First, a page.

The moon, viewed in full sunlight. Stipple engraving by J. Russell, 1805.
- Russell, John, 1745-1806.
- 26 November 1805
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About this work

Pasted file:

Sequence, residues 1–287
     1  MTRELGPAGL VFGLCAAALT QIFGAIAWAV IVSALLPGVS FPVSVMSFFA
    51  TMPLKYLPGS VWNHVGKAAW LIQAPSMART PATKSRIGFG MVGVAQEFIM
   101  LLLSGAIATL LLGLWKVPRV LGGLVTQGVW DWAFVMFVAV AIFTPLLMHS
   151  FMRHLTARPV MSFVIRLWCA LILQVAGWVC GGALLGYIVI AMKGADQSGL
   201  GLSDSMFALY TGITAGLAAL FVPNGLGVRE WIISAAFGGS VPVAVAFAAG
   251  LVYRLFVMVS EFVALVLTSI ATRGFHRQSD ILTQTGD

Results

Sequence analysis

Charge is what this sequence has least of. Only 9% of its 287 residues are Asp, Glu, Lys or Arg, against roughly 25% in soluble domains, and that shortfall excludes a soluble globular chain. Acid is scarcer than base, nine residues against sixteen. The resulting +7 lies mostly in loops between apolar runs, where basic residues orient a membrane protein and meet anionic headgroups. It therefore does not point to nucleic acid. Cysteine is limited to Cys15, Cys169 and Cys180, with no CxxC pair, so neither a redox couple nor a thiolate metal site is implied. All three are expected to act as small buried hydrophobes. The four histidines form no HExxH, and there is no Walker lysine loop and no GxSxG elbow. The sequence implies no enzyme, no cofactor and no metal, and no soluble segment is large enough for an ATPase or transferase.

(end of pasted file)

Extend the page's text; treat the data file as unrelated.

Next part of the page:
This is one of two large and detailed engravings of the moon made by John Russell in 1805 from his own drawings. He was not a professional man of science: he was an artist, specializing in pastel drawings but also painting in oils. He painted mainly portraits and sentimental subjects such as children and pets, and had among his clients members of the royal family and several scientists. He was bowled over one night by the beauty of the moon as seen through a telescope in a garden in Newman Street (off Oxford Street, in London). Thereafter he devoted much of his time to studying the moon and drawing its physical landscape in ever greater detail, in an attempt to improve and correct the existing maps. His notebooks on the moon, a large pastel of the moon, and a moon globe by Russell are preserved in the Museum of the History of Science in Oxford. The two engravings, completed shortly before his death, form as far as possible his definitive findings. Russell was something of a religious fanatic and a strict observer of the Sabbath. He was a follower of John Hutchinson (1664-1737), a natural philosopher who advocated the understanding of the physical world on biblical principles. He is one of many who have been inspired by their religion to study the physical world as a tribute to its Creator